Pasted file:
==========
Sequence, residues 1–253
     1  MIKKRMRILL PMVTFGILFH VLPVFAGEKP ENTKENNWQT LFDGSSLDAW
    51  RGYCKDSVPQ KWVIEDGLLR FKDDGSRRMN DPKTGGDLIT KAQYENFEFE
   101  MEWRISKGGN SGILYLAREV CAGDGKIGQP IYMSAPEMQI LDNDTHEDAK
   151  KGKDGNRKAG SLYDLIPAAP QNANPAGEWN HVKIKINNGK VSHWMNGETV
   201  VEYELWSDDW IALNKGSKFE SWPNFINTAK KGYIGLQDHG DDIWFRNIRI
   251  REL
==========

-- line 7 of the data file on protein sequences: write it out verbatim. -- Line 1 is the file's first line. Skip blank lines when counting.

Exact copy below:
   251  REL